Dental surgery – what is it?
Generally, surgical treatment is associated with active interference within the hard and soft tissues in the patient’s mouth. For most of patients dental surgeon is associated primarily with tooth extraction, but this specialty is much more advanced and includes the treatment of pathological changes in the jaw and mandible, as well as changes or incorrect construction of the gums and mucous membrane. In dentistry, dental surgery is linked to postoperative aesthetics – “atraumatic” methods used to ensure fast healing without scars and to significantly improve the patient’s appearance.
Dental surgery – types of treatments
The basic treatments are so-called alveolar surgery, ie extractions of teeth unsuitable for treatment, surgical removal of the eighth teeth, so-called third molars (“teeth of wisdom”), retained teeth. The typical treatment includes subsequent bones and gums formation to ensure the best healing and – which is extremely important – maintaining the correct bone volume, which naturally tends to disappear after removing the teeth. The more bones remain, the better the implants stabilization or the movable prosthesis maintenance. In the case of bone deficiency, there are some methods of its reconstruction with augmentation materials, which we also do in our clinic. After extraction, the implantologist or prosthetist takes care of the patient to plan further treatment.
An important part of dental surgery are soft tissue treatments: treatment of gum hypertrophy, removal of mucous cysts or frenula correction (mainly upper lip). The dental surgeon deals also with the hypertrophic and pre-cancerous lesions removal. In our clinic we use lasers for surgical procedures on soft tissues, which significantly shortens the procedure time, minimizes bleeding and ensures quick, painless healing.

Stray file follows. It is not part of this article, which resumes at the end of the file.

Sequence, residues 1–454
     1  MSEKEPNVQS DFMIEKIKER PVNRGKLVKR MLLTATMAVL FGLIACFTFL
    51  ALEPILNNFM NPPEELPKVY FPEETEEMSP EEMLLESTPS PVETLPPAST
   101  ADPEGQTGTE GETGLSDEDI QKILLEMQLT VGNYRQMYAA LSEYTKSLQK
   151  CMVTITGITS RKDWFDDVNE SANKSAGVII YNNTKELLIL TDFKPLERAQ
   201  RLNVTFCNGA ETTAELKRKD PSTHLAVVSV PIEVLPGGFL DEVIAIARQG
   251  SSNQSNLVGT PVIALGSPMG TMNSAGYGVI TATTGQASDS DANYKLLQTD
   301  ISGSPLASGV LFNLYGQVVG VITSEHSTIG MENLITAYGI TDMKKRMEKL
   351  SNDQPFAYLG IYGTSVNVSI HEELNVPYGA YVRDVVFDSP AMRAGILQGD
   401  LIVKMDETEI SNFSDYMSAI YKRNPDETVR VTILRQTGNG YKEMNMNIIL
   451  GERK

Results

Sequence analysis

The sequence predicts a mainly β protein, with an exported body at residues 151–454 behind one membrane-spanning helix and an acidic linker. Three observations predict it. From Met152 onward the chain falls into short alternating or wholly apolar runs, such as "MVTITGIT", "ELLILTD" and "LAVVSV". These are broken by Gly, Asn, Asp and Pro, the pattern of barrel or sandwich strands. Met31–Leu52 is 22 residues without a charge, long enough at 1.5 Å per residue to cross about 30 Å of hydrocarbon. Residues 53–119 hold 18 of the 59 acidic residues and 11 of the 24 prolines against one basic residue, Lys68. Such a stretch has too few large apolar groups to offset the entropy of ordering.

In the surgery office we treat also cases of abscesses in the face and neck, which often have origin from the tooth. In the treatment of abscesses, it is necessary to operate (abscess incision) with antibiotic therapy. It is usually advisable to remove the tooth.
For dental surgery, cooperation with other specialists is very important, because it allows to quickly obtain satisfactory results. Plastic surgery within the gums, increasing gum width, covering the recession (exposed teeth necks) or regeneration of bones and gums in the interdental spaces requires cooperation of a surgeon with a periodontologist. Joint surgical and orthodontic treatment is a chance to bring the teeth into the line of occlusion (after surgery) and to reduce crowding by planned extractions because of orthodontic indications. The cooperation with the implantologist and the prosthetist is based on the procedures which increase the volume of the alveolar bone in case of its disappearance, which facilitates further treatment with prosthetic restorations.